Penelope Mackie, a philosopher at the University of Nottingham, has died.
The following obituary was provided by Mark Jago (Nottingham).
It is with great sadness that we announce the death of our friend and colleague, Penelope Mackie, following a period of illness. Penelope was born into an academic family. Her paternal grandfather Alexander was professor of education at the University of Sydney, and her father was the philosopher J.L. Mackie (whose philosophical papers she co-edited). She went to Somerville College, Oxford, in 1971, where she took the BPhil in Philosophy with a thesis, Identity and Continuity, in 1978, and later the DPhil in 1987, with a thesis, How Things Might Have Been: A Study in Essentialism. After her DPhil, Penelope moved to the US, first as a visiting lecturer at the University of Maryland (1986–1987) and then as Assistant Professor of philosophy at Virginia Commonwealth University (1987–1990). She then returned to Oxford, this time as a fellow of New College (1990–1994), before moving to Birmingham in 1994 and then to Nottingham in 2004, where she worked until her death.
Penelope’s philosophical interests were broad, including ancient Greek philosophy, early modern philosophy (particularly Berkeley and Hume), free will, causation, essence and modality, identity, and the metaphysics of material objects. Her best-known work is her 2006 book, How Things Might Have Been. In it, she defends the view that objects have bare identities. A person, or any other object, simply is the thing it is and could not have been any other, although it could have been some radically different kind of thing. You could have been a toadstool, or the number seven, and still remained you, she argued. Reviewers praised the book as ‘one of the clearest and fullest discussions of contemporary essentialism that has appeared for quite some time’.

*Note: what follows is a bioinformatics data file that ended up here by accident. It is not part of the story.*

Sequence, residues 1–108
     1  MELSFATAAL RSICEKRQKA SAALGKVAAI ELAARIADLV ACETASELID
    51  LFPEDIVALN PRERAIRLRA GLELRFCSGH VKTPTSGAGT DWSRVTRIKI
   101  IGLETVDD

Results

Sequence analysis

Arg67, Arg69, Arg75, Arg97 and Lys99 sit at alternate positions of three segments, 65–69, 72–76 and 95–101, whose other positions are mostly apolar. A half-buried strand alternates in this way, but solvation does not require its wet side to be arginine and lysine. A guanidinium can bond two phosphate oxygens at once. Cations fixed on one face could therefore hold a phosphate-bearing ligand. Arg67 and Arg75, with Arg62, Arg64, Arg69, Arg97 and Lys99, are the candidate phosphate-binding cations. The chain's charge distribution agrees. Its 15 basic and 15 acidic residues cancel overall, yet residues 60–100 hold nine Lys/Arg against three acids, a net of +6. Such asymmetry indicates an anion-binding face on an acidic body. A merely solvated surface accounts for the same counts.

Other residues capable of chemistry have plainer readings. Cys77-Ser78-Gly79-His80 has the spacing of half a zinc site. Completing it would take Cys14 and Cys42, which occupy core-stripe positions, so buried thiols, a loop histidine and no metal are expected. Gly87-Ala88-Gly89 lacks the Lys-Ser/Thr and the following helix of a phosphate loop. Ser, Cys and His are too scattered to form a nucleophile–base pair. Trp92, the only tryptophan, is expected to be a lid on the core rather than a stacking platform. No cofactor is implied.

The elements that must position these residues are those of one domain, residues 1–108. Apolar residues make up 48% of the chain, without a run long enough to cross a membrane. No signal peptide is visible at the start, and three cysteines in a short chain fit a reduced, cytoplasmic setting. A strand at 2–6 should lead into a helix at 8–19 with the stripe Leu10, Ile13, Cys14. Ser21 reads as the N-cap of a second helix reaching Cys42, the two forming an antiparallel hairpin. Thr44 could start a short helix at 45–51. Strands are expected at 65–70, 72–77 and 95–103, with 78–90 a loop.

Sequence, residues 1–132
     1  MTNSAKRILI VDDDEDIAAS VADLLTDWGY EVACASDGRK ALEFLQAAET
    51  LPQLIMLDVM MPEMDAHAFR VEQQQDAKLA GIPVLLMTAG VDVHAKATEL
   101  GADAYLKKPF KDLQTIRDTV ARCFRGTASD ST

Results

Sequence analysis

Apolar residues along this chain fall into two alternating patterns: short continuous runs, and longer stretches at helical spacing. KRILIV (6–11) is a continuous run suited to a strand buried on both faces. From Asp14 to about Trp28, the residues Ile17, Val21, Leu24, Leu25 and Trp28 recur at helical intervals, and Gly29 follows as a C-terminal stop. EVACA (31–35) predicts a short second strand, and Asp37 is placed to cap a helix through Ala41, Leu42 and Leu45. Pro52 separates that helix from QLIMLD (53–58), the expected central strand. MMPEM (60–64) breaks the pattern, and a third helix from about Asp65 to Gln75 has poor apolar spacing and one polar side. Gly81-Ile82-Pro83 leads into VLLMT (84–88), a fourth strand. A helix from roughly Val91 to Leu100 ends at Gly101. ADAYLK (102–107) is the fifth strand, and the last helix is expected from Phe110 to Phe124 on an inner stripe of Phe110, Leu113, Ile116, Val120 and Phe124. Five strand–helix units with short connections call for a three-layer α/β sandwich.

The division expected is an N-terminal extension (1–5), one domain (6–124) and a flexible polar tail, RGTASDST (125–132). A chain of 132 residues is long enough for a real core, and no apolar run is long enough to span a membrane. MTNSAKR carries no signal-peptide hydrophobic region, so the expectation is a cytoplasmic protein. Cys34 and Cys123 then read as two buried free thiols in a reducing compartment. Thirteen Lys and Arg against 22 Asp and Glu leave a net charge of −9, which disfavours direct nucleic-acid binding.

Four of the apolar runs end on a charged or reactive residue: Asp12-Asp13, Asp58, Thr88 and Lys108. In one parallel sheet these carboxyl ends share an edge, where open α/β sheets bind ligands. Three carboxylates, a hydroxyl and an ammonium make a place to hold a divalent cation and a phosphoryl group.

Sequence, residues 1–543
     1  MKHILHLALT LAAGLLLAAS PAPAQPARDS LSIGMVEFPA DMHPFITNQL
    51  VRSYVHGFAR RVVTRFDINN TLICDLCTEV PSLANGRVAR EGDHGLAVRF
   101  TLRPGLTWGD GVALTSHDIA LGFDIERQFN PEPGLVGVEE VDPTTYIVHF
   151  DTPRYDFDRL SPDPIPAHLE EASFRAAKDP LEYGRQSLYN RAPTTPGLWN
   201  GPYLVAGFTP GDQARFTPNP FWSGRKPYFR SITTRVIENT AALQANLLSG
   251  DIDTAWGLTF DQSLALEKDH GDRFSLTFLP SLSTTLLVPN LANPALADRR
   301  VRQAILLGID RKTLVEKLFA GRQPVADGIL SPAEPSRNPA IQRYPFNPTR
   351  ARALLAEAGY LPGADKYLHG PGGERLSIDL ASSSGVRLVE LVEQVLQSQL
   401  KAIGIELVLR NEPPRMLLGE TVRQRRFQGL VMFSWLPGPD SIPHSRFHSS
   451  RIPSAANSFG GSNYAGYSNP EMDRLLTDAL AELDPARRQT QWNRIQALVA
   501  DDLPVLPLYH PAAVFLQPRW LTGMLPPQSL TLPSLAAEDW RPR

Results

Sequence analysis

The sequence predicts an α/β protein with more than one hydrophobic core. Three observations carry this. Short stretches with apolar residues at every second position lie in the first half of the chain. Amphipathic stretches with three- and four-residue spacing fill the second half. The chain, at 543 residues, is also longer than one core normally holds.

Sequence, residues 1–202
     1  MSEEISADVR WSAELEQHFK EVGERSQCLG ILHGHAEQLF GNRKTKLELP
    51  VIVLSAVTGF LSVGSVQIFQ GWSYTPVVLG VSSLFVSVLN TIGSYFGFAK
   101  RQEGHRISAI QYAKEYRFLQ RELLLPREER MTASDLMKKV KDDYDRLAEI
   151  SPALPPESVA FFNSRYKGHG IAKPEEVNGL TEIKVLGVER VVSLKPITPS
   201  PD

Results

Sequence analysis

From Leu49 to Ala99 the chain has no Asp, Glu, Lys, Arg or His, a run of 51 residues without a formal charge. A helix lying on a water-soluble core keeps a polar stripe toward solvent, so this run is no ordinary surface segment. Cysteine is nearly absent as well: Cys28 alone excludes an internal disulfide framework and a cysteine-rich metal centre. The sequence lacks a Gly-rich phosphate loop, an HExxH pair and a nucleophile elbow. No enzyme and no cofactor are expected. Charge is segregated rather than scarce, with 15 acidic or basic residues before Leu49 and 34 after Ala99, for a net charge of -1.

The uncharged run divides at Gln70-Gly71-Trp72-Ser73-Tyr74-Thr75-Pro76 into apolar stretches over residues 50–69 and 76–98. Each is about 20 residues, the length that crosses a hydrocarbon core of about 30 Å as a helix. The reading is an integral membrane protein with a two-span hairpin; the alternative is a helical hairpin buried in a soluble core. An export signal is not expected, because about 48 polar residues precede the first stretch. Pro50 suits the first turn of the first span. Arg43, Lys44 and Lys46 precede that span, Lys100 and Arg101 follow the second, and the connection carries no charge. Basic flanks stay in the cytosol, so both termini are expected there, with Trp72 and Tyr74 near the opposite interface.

The clarity and carefulness of Penelope’s philosophical work was also consistently applied to her teaching and administrative duties. She was renowned among colleagues for her meticulousness, carefulness, and diligence, including during her tenure as Head of Department at Nottingham from 2007 to 2010. These high standards were also demonstrated in her teaching. Penelope’s comments on student essays were legendary, sometimes nearing the word-count of the essay itself.
She was a staunch friend and colleague, particularly supporting early-career philosophers, and well-known to visiting speakers for asking kind and thoughtful questions which, more often than not, also happened to be knock-down objections. She continued her work through her illness, completing revisions to her Stanford Encyclopaedia article on “Transworld Identity” over the summer of 2022, keen that it should reflect the latest work in the area.
Outside of research and teaching, Penelope was also a marvelous character. She had a mischievous sense of humour and a quick wit, as colleagues fondly recall, and was cheerful company at department drinks. Many were also delighted to discover her talent for humorous verse, which she sometimes turned to philosophical topics. Some examples were even published in Mind, including “A Modern Metaphysical Song.” It is a hilarious, yet highly accurate, tale of the physicalist’s woes:
I’ve nageling doubts that science has a place for subjectivity
That what it’s like to be a bat can be just brain activity.
And who else but Penelope could have put their objection to Davidson’s anomalous monism so:
It tries to make mind matter, but with curious anomaly
Implies that mental attributes exist epiphenom’nally.
With the death of Penelope Mackie, we have lost an outstanding philosopher, a dedicated teacher, and a colleague with a rare sense of duty and diligence. We are greatly saddened by her loss and privileged to have known her.
Penelope died on 5th December 2022, with her husband Robert Frazier at her bedside. She also leaves her brother and sister, David and Hilary Mackie.